From the April 4, 1931 issue

PASCHAL FLOWERS BLOOM ON PRAIRIES OF THE WEST

Easter-Tide is remembered in America by two names, one of a place, the other of a flower. When the youth-seeking Ponce de Leon sighted the coast of the New World it was on Easter morning, and accordingly he named the place he had found Pascua Florida, or Flowery Easter. We have dropped the noun and kept the adjective, as Florida.

When the French voyageurs pushed out into the western prairie country they found many strange and beautiful flowers, but none lovelier than the blue chalices that opened up in the countless clumps and clusters among the new grass during the fortnight before and after the Paschal feast. So they named them Easter flowers, and the pious early French Pasque has remained to us as a part of the rights of the Louisiana Purchase.

TEST DEVISED FOR MEASURING EFFICIENCY OF THE HEART

A new test for heart efficiency was reported by Dr. Allen Eustis of New Orleans to the American College of Physicians meeting in Baltimore last week.

The test is a valuable aid in the diagnosis and study of the type of heart disease known as myocardial insufficiency. The test may also be used with caution in cases of marked enlargement of the heart, angina pectoris, and certain cases of high blood pressure. By means of this test the physician will have a new gauge of how well the diseased heart can function. The test depends on the rise in the systolic blood pressure following an increase in pressure within the chest caused by forcible expiration of the full breath under a definite amount of pressure. Dr. Eustis reported that clinical evidence corroborated the results of the test.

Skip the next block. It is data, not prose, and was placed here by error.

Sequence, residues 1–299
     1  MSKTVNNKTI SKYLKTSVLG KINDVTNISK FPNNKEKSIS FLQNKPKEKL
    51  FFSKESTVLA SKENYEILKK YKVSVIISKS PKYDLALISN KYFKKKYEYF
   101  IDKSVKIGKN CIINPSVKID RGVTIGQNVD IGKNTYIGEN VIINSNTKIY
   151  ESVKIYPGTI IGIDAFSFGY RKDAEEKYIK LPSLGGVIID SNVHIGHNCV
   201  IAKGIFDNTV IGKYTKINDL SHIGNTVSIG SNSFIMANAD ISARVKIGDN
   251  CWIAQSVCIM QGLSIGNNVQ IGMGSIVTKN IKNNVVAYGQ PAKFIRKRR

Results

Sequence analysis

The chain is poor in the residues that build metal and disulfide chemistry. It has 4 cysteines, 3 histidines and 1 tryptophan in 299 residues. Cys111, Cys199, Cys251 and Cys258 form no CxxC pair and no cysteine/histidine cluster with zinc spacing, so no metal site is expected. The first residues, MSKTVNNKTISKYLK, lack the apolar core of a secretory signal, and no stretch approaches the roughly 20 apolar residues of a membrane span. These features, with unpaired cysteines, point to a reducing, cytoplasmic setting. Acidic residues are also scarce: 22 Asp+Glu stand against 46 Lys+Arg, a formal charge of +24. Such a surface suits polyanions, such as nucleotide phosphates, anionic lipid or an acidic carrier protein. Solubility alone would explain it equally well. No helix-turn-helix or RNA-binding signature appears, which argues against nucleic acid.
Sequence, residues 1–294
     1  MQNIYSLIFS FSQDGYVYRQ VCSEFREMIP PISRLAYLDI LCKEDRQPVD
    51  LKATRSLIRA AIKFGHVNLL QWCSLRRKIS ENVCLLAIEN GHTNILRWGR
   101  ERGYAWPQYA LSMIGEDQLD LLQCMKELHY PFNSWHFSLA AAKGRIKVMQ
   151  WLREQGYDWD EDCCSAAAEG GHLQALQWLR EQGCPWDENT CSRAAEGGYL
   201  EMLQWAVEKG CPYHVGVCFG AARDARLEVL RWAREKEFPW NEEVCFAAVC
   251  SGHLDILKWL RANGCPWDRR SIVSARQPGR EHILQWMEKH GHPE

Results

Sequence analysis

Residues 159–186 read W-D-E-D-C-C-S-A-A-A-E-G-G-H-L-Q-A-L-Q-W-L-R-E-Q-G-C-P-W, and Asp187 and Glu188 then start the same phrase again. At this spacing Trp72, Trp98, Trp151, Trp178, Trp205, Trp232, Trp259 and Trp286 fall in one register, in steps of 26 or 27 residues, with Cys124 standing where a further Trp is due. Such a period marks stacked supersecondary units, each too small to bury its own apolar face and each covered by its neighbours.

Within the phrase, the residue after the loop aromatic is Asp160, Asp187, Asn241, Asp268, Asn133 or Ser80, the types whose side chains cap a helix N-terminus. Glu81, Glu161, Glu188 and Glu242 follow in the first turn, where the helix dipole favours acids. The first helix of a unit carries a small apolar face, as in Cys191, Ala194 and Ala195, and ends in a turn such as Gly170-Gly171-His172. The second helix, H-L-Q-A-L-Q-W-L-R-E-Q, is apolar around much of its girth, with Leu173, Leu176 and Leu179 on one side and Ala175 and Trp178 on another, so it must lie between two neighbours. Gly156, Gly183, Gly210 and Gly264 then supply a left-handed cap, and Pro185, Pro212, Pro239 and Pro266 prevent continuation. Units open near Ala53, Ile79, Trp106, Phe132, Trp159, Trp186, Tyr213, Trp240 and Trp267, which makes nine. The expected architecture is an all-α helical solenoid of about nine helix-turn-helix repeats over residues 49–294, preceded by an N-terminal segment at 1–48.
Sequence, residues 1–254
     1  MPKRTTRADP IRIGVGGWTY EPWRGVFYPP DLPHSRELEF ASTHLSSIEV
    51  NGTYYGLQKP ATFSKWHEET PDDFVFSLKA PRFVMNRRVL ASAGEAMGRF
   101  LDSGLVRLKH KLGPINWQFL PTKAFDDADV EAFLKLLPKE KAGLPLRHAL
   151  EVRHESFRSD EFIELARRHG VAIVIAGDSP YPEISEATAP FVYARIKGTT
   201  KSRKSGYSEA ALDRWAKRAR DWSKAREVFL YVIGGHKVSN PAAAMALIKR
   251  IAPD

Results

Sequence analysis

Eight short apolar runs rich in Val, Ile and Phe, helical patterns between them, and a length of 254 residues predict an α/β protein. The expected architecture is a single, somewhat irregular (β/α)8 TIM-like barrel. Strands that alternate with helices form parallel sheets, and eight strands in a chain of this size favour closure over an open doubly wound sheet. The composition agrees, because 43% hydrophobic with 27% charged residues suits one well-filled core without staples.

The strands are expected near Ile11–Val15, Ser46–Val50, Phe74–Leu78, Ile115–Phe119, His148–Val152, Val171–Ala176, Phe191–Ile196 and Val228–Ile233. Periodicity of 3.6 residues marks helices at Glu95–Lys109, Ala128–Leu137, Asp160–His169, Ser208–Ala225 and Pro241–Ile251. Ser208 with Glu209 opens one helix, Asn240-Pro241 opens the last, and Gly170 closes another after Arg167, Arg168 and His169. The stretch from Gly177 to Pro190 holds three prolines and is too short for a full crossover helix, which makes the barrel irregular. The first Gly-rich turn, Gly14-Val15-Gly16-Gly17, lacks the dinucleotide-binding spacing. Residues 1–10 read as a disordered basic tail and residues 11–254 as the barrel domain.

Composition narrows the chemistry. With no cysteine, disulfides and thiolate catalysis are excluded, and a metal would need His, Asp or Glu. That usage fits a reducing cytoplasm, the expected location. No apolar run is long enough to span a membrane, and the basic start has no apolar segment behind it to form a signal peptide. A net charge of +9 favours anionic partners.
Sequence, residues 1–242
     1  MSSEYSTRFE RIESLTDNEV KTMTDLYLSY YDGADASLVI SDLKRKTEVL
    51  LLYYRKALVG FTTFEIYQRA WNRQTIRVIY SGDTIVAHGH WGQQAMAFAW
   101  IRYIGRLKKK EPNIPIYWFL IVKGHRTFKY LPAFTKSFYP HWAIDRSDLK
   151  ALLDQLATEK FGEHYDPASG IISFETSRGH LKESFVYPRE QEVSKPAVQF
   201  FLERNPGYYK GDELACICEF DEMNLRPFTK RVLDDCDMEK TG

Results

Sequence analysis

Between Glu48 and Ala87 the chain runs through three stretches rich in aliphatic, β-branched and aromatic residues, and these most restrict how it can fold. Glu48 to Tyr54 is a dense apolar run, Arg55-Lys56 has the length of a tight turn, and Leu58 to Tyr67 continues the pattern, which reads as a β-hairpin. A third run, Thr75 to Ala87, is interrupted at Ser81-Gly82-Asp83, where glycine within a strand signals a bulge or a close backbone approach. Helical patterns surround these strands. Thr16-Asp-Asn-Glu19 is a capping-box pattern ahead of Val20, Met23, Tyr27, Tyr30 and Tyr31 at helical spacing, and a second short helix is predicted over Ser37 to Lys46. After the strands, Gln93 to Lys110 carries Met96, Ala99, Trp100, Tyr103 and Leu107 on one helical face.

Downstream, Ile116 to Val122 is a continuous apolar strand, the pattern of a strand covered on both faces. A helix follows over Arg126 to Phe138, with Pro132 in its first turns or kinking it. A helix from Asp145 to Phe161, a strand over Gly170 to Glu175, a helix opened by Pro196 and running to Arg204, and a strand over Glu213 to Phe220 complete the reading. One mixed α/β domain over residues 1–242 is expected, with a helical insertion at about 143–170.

ELECTRONS AND PROTONS PAIRED IN ATOM NUCLEUS

Atoms whose weight-bearing cores contain even numbers of both electrons and protons are twenty times more frequent than all others, Prof. William D. Harkins of the University of Chicago has reported. Of all the chemical elements found on the Earth, said Prof. Harkins, 95 percent belong to a class in which each building stone of the atomic core has a mate.

The electrons of a pair in the central heart of the atom are not absolutely identical, however. One is spinning in the opposite sense to the other. Thus the nucleus as a whole is free from spin. These facts throw very important light on the stability of atoms and therefore on the reason why some chemical elements, like radium, are continuously disintegrating into simpler atoms.

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